Six Poor Reasons for Rejecting the Miraculous

Saints and Sceptics

Christian theology affirms a number of miracles, most importantly the atonement, the resurrection, the incarnation and the virgin birth. The secular mind dismisses these as tall-tales and myths produced by superstitious, pre-modern minds. However, it seems to us that the modern prejudice against miracles is not very rational.

1) Experience shows that miracles do not occur

This argues in a circle. The Christian asserts that he has good testimony that a miracle has occurred. The sceptic responds, “that can’t be true because human experience shows that miracles do not occur.” But the Christian has just cited evidence that this is not the case: the Christian is claiming that he has evidence that  some humans have experienced a miracle!

It is true that human experience establishes that miracles are, at the very least, rare. But relying on our experience of what usually happens can lead to terrible mistakes.  “This medicine has never harmed patients in the past; therefore it will not hurt anyone tomorrow; these buildings have withstood all earthquakes until now; therefore they will withstand the next earthquake.” We should always be open to evidence of  the unexpected. Sometimes that evidence can tell us that an unrepeatable, unprecedented event has occurred!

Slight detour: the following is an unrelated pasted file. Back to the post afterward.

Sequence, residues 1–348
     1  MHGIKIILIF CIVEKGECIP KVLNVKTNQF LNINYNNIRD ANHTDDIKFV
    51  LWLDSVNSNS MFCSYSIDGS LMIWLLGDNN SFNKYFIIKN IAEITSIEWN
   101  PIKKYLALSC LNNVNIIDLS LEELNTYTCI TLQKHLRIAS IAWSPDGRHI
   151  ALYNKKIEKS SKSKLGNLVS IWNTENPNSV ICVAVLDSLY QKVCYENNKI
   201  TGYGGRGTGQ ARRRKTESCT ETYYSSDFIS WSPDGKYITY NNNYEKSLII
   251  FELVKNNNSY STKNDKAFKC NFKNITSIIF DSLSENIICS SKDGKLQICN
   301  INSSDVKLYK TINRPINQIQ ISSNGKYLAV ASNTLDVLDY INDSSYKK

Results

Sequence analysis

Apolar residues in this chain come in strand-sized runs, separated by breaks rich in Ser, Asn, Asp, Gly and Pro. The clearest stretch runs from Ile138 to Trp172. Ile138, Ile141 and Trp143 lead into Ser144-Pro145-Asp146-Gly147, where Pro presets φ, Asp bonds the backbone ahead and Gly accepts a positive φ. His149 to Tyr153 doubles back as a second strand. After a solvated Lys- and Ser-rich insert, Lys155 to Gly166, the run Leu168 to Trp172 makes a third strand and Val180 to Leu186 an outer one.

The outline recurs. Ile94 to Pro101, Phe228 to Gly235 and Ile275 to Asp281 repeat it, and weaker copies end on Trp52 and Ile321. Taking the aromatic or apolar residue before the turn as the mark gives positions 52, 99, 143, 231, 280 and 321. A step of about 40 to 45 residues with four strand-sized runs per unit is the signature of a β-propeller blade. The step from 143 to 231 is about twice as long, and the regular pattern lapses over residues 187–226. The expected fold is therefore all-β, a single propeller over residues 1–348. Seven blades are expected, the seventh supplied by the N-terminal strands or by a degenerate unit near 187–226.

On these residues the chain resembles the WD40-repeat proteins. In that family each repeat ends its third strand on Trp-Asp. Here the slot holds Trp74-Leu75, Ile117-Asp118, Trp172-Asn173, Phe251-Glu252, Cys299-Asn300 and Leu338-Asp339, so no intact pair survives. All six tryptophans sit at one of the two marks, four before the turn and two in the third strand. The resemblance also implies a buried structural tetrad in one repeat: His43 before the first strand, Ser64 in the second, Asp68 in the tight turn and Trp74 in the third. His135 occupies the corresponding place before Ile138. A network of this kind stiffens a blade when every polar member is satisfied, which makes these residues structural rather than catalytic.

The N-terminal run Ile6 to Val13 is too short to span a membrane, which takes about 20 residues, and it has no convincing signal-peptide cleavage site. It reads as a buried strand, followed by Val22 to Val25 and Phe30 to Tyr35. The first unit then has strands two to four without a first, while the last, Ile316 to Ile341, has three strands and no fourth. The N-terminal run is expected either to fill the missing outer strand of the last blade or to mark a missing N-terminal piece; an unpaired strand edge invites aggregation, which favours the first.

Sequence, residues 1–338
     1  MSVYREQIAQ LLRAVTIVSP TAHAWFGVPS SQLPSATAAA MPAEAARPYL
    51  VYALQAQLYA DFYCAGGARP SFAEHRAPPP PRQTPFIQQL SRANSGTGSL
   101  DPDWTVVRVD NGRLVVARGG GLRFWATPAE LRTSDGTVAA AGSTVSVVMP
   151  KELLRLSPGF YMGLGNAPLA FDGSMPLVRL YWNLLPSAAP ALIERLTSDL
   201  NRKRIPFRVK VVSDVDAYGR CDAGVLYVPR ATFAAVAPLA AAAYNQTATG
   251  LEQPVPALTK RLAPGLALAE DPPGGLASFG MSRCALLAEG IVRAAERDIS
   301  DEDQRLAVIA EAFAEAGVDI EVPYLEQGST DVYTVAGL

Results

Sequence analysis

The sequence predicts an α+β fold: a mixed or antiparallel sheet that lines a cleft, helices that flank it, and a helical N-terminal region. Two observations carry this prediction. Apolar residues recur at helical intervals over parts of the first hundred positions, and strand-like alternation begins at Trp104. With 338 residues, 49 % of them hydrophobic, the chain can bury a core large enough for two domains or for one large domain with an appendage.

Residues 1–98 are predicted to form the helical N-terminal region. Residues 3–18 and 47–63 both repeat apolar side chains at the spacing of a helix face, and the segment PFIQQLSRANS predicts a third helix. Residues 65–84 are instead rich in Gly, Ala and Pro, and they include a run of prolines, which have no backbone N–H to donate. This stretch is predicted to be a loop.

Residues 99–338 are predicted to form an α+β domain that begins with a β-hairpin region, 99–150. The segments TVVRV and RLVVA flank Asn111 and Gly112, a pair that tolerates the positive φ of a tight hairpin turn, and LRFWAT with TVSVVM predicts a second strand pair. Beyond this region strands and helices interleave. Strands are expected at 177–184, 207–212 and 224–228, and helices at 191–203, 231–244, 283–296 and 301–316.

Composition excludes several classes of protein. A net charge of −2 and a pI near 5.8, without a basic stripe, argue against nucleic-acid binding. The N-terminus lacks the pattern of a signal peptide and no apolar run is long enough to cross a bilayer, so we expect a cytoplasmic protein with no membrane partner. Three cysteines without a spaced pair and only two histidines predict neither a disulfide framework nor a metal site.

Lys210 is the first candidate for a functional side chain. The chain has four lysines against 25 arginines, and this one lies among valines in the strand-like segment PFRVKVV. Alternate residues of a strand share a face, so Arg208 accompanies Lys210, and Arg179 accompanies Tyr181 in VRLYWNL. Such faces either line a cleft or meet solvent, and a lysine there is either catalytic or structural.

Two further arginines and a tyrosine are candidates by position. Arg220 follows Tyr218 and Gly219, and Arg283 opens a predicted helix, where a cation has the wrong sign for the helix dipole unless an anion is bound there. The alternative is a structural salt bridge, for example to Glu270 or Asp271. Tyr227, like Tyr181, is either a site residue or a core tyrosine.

2) Science shows that miracles are impossible!

It is true that miracles like the virgin birth are naturally impossible, but who ever thought otherwise? Christians claim that the resurrection is a supernatural event. The laws of nature are just mathematical descriptions of how nature normally behaves. But suppose there’s more to reality than

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the natural world. Suppose the reason the universe behaves in an ordered, law-like manner is that the universe has a rational creator.

In that case, the behaviour of the universe would be  predictable and we would have a good knowledge of the laws that govern the Universe.  But, on occasion, God do something new, to bring about an event which normally does not happen in the day to day running of the Universe. After all,  isn’t it possible that God could have reason to do something extraordinary in his universe now and then? Couldn’t God cause an exception to the laws of nature?

3) If we believe in one supernatural event we might as well believe in Santa and flying reindeer!

It’s possible to believe in a miracle (say the resurrection) and to be extremely sceptical about most reports of paranormal activity. Miracles are not impossible, but they are unusual (in the sense that they do not occur frequently). We should expect miracles to be rare and to be events that God would have a good reason to bring about. Indeed, miracles lose their significance if they are not exceptional events. So we would not expect every miracle report to be true. The Christian world-view insists that we should not uncritically accept every miracle claim…

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Six Poor Reasons for Rejecting the Miraculous – Saints and Sceptics